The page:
By James D. Butler, Shaircraft Solutions, LLC
In a previous article, “Fly Privately” (May/June 2010), I discussed how the frustration of flying with the commercial airlines is pushing many weary travelers to seek refuge in private air travel where they enjoy greater convenience, time savings, security and many other “quality of life” benefits. But the choice of private air travel leads to a further question: What type of private air travel investment is right for you? Fractional ownership? A jet card program? Or perhaps on demand charter may be your best bet?
Most importantly, how should you go about making this decision?
At Shaircraft Solutions, we begin by having you answer several important questions, among them:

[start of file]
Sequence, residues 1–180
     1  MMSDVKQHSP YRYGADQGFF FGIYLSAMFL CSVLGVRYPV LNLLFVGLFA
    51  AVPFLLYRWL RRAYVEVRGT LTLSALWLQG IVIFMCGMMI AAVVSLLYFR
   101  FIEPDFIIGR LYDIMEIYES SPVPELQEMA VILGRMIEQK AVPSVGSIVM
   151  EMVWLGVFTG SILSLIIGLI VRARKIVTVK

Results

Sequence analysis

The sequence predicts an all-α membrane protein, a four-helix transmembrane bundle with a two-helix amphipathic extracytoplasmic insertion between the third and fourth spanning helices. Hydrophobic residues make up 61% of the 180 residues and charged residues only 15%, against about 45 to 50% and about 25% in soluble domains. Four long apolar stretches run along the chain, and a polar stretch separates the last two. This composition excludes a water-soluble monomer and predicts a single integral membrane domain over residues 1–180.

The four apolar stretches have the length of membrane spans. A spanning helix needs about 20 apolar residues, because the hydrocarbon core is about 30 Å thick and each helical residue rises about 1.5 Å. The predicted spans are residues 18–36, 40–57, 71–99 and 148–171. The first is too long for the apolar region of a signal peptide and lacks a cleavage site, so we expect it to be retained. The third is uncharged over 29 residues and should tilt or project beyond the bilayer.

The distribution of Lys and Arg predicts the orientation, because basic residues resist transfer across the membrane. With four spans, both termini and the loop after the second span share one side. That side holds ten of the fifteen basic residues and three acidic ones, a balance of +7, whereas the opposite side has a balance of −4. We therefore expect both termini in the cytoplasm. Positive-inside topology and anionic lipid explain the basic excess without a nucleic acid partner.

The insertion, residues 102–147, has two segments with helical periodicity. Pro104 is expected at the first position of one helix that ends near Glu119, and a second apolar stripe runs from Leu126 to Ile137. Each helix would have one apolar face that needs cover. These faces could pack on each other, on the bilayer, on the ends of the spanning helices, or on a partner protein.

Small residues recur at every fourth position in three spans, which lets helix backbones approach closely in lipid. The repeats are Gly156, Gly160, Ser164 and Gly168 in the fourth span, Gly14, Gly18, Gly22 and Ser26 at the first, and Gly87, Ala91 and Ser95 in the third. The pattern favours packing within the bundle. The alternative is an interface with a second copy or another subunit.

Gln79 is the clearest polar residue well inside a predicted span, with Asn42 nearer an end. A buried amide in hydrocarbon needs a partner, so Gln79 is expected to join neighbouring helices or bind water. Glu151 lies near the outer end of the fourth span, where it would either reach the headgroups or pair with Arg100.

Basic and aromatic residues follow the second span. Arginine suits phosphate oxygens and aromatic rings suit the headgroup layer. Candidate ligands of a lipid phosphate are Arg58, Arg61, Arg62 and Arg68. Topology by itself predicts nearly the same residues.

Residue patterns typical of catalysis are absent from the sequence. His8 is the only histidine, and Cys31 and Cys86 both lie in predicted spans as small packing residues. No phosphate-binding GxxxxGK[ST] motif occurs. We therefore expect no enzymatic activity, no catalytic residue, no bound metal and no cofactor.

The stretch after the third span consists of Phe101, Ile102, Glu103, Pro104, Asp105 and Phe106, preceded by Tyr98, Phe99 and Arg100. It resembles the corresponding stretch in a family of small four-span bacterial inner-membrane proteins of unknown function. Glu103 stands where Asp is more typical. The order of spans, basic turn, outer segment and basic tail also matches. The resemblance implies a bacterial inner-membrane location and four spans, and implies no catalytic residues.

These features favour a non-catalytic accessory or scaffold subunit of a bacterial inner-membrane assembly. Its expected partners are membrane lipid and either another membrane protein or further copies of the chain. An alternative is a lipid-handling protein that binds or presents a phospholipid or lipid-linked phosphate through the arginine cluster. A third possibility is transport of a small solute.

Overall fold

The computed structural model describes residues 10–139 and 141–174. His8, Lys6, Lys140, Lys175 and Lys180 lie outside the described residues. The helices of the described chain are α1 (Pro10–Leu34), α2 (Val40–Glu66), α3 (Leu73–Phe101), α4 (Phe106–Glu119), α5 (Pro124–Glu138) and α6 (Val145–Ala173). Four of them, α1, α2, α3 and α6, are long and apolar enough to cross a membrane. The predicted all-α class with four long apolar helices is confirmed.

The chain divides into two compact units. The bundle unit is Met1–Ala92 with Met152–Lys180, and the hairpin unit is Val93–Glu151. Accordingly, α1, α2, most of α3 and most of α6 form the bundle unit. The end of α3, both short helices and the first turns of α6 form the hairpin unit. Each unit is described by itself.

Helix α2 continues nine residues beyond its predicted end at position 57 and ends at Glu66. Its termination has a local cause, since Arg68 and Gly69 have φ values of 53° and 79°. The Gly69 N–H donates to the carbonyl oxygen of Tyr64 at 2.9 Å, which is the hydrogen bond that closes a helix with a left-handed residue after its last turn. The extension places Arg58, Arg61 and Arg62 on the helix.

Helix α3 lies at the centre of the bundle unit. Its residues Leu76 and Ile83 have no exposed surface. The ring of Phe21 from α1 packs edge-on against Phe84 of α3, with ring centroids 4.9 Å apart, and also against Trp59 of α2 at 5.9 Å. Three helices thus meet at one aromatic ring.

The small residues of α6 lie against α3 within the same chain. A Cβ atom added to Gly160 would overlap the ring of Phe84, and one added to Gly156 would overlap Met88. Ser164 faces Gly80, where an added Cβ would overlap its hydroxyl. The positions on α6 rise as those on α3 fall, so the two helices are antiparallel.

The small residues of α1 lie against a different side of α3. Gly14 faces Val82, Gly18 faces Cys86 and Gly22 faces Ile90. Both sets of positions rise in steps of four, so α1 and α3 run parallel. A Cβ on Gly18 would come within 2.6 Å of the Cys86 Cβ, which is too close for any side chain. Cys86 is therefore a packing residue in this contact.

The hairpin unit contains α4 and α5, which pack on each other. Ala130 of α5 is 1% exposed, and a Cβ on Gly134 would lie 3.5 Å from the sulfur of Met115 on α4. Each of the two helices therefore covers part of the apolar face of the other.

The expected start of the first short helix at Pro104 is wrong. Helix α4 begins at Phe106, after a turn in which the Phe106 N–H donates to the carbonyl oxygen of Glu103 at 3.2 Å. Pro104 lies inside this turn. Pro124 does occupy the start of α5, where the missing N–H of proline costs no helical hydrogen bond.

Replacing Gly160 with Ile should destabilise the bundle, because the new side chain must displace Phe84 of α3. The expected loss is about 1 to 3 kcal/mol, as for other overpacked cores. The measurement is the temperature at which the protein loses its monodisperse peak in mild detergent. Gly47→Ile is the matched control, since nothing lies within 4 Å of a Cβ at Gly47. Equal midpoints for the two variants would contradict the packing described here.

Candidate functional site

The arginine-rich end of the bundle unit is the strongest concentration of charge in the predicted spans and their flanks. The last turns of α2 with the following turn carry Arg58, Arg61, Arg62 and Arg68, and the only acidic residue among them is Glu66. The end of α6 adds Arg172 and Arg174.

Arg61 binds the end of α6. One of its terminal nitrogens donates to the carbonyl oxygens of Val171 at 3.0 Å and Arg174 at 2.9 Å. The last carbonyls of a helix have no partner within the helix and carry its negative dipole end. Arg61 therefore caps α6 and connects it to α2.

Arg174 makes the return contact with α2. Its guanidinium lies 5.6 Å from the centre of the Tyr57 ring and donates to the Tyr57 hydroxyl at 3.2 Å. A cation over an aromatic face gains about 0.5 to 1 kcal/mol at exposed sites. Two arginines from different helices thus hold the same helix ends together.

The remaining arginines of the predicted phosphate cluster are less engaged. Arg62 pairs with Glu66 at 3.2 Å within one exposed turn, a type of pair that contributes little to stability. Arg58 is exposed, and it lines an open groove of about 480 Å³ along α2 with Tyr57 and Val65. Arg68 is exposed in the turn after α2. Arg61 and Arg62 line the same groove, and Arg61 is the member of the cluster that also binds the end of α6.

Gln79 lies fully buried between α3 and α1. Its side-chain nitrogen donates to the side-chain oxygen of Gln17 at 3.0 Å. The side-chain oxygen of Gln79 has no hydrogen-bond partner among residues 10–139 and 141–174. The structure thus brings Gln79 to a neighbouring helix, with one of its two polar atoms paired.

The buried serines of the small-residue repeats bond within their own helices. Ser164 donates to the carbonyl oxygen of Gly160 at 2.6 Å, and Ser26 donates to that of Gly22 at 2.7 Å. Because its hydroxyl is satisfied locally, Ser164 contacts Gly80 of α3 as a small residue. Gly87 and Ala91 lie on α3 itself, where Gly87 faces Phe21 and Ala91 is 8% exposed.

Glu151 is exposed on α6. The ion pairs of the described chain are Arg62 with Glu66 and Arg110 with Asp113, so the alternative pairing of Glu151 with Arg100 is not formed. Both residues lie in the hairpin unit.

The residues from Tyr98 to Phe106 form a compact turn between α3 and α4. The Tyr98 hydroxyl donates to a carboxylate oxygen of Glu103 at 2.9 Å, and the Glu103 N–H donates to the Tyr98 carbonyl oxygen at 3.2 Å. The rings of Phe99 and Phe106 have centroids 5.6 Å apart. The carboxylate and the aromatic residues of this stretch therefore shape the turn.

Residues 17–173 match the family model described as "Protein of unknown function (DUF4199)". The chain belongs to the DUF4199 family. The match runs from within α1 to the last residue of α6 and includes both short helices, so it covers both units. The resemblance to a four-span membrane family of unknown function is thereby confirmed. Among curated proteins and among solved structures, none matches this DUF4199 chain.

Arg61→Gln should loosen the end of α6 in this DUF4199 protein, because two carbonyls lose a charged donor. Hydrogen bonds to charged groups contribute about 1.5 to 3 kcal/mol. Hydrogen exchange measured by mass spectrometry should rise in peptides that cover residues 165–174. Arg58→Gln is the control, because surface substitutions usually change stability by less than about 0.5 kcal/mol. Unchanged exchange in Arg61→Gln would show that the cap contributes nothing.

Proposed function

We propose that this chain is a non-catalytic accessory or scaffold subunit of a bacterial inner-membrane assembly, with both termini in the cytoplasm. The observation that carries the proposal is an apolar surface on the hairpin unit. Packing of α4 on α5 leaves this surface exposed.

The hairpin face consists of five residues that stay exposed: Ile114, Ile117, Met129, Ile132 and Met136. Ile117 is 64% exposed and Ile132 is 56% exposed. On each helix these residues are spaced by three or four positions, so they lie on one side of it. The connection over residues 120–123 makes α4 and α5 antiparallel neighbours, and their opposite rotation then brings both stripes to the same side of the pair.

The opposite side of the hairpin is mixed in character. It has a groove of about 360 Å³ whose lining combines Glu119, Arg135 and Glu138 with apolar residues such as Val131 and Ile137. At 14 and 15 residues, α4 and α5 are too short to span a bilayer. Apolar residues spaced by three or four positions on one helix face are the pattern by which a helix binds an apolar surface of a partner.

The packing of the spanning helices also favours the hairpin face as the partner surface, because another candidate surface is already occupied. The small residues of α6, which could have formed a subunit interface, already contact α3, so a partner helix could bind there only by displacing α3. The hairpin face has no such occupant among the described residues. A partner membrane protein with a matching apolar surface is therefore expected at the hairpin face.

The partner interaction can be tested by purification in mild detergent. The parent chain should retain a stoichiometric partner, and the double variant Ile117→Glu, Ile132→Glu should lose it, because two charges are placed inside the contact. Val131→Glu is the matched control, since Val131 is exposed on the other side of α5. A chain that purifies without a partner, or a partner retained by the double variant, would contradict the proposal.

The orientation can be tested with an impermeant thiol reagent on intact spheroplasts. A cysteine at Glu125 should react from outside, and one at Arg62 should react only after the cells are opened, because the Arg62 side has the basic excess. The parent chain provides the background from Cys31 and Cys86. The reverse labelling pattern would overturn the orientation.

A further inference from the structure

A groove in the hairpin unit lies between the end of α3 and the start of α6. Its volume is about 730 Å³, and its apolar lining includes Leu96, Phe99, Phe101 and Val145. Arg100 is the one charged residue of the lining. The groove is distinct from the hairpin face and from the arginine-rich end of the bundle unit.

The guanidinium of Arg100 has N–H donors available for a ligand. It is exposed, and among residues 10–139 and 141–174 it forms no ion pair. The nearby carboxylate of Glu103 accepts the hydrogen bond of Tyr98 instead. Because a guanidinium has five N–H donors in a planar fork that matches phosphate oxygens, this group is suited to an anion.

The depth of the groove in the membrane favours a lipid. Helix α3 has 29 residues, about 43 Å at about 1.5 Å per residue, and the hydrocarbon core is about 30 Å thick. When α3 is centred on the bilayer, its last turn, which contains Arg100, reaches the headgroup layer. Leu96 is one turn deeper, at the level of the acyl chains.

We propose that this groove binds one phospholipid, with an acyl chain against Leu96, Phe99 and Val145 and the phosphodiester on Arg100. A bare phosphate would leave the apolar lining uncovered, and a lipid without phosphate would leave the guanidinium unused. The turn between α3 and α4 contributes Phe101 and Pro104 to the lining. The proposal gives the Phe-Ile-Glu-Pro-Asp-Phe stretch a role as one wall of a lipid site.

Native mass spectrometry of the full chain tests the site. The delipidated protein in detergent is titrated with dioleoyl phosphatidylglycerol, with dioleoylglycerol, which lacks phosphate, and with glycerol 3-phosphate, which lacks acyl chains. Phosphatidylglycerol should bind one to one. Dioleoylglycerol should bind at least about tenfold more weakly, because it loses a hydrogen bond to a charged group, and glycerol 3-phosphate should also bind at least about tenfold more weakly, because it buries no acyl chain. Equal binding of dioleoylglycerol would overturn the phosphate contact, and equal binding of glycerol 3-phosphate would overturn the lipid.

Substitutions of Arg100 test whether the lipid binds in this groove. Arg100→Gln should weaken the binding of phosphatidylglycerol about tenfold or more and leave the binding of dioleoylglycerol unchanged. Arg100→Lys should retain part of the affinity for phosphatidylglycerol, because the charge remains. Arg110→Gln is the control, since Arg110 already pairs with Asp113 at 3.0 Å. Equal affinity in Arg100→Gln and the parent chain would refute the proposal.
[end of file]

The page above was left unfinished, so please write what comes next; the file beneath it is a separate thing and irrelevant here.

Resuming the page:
• What is your budget?
• How often do you fly?
• Where and when do you fly?
• How far in advance do you plan your trips?
• How many passengers and how much luggage do you take?
• Do you prefer to fly on a fleet managed by a single operator?
• Do you have specific aircraft preferences?
• What is the best use of your capital?
• Can you take advantage of depreciation tax deductions?
Analyzing your responses to these and other questions, we develop a travel profile that enables us to determine the type of private air travel investment that’s right for you. The general rule of thumb that passes for common wisdom is that if you fly between 50 and 400 hours per year your best option may be fractional ownership, which involves owning a share of an aircraft that is managed by a single operator as part of a fleet. If you fly less than 50 hours per year, you may be better off with a jet card or “pay as you go” charter, and if you fly more than 400 hours annually, you may consider buying a whole aircraft.